Crocodile Chokes on Its Influences
It’s unfortunate, really, that there’s another band out there with two pairs of brothers and a sophomore album named for a large reptile. That said, they couldn’t really have seen that one coming—not being able to follow my particularly random train of thought that ended with: Hey! That sounds like The National! Normally, comparisons to The National’s Alligator would be welcome…except, in this case, not only does Young Rebel Set sound nothing like Matt Berninger et al, but just thinking about The National in comparison to Young Rebel Set makes me want to sit down, close my eyes, and pound my brain with “Mistaken for Strangers”.
It’s equally unfortunate that, at times, lead singer Matty Chipchase does a weirdly perfect imitation of Marcus Mumford. Though a comparison to Mumford & Sons is, at least on the critical totem pole, somewhat less esteemed than one to The National, I can assure you that there are moments on Crocodile would any sane person running back into Babel’s welcoming arms.
My somewhat meandering point here is that, firstly, this is the kind of record that gives rise to lots of associations—intentional, unintentional, whatever—and while for some bands that kind of provocational association can be a good thing, it is bad news for Young Rebel Set. The reason, you ask? Well, quite frankly, it’s because this band can’t live up to any of them.
For a better, more accurate associative example, take the band’s eager embrace of ‘90s Britpop (as I’ve read, they even have the same management as Oasis)—especially on tracks like “The Lash of the Whip” and “Berlin Nights”. And even though the reference is purposeful, they end up sounding more like awkward admirers knocking politely on the door of the Gallagher mansion than musicians in their own right. Noah could write a big hook paired to lyrical nonsense, but, boy, could little brother Liam snarl and swagger his way through it. Matty Chipchase et al have the lyrical nonsense down pat, but they struggle mightily with the snarling and swaggering.
Listen closer to Crocodile and you’ll hear the Beatles, Billy Bragg, and even a few strains of Eric Burdon and the Animals fade in and out, and none of it does Young Rebel Set any favors. Comparing themselves (if somewhat inadvertently) with the greats of British rock, Young Rebel Set comes off as rather underwhelming. That sounds awfully mean, which isn’t quite how I intend it. The truth is that when one gets bogged down by the comparisons, it’s easy to overlook the fact that Crocodile is not without its charms.
“Tuned Transmission”, for instance, has a bouncy, brilliant chorus; the very nearly paired tracks “Show Your Feathers & Run” and “The Girl From the 51” showcase an impressive grasp of dramatic tension; and there are little elements throughout the record that almost transcend the general ho-hum-ness of the tunes in which they are buried. (Listen for those carnival-esque keyboards in “Reap the Whirlwind”!)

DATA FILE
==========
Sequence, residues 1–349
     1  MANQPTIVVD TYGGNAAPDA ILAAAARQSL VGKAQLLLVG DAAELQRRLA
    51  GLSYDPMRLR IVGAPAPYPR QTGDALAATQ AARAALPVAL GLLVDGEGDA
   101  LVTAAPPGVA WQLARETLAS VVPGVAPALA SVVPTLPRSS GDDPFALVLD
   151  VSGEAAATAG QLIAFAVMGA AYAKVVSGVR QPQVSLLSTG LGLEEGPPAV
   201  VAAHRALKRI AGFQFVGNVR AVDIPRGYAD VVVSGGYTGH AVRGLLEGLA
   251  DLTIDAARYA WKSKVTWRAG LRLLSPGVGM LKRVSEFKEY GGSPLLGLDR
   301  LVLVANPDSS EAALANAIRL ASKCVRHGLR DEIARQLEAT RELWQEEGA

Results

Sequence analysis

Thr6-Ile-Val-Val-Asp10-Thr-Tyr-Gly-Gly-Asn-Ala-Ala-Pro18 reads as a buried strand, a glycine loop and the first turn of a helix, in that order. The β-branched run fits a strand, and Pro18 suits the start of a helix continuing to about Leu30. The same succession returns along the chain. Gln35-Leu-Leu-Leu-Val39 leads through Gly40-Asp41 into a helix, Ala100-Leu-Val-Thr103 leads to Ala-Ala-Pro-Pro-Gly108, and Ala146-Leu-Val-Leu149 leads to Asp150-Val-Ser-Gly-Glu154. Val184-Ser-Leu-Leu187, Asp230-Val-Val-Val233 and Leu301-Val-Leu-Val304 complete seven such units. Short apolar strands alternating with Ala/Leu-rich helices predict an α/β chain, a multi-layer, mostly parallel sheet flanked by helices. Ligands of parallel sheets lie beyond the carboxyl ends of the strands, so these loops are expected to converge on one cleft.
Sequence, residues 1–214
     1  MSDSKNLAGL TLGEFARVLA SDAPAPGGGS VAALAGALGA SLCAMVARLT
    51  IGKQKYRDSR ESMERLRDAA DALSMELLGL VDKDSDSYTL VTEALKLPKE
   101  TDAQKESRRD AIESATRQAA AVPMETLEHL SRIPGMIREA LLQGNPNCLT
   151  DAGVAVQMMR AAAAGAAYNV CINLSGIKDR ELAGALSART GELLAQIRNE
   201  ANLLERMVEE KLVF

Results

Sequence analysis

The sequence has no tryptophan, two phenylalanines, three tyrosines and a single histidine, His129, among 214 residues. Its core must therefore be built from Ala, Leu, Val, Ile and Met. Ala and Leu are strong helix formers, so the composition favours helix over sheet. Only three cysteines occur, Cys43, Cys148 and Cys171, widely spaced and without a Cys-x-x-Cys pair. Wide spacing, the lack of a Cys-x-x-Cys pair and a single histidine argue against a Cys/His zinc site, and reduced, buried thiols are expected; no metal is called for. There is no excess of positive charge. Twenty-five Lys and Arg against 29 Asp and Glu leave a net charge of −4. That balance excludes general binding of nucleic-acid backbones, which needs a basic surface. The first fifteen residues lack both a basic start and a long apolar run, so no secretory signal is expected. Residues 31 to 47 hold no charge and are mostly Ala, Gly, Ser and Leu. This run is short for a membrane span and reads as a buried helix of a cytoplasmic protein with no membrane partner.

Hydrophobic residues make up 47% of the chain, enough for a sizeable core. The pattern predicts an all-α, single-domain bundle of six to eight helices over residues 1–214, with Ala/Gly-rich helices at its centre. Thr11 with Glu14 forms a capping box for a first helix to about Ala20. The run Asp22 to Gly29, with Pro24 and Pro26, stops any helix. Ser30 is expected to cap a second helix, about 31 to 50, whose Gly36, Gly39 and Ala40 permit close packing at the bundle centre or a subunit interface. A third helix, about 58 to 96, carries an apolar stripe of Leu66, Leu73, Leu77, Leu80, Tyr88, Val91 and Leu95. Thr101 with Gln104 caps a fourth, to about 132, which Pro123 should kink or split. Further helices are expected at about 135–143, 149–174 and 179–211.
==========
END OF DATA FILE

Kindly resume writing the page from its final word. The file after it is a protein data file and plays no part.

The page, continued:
But for every potentially redemptive moment, there is an equally distressing one that tilts the scale back towards mediocrity. The worst part on the entire album might be the first two lines of “One Law”, where Chipchase intones: “You said this mountain was too high to climb / But I say this mountain’s no master of mine”. Even Mumford, in his giddiest moments, never sounds that unworldly. But it gets worse in the chorus when Chipchase goes out on a limb to claim: “One law for everything / One law for everyone / Now see the world around you changing”. In summary: The limb sags, then snaps, and you’ll be tempted to switch the song you feel such acute embarrassment for him. No Schadenfreude here.
The only holdover from the band’s debut album, Curse Our Love, which took its Billy Bragg influences to a loony level of idolatry, is the track “Unforgiven”, which, I have to say, almost works with its rough-and-ready studio treatment. And there, by the way, is the major accomplishment of the album—the sound of it all. If there’s something I hate about bands with some potential, it’s when they drape their albums in production that makes every track sound exactly the same.
In the studio, the band wises up to that potential folly and takes some safe but rewarding risks. It also helps that the band is big—Chipchase plus the brothers Evans (Mark and Luke) and Parmley (Andrew and Chris), with Paddy Jordan and David Coombe to boot—so the fullness of their sound isn’t all a studio creation. And while calling the production of “Berlin Nights” innovative is a stretch, it’s still eons more interesting than almost everything on their first album, which sounds shambolic by comparison.
All in all, the things that work on Crocodile get them about halfway there. It’s a long way to the top, guys - better not ignore that mountain.
// Sound Affects
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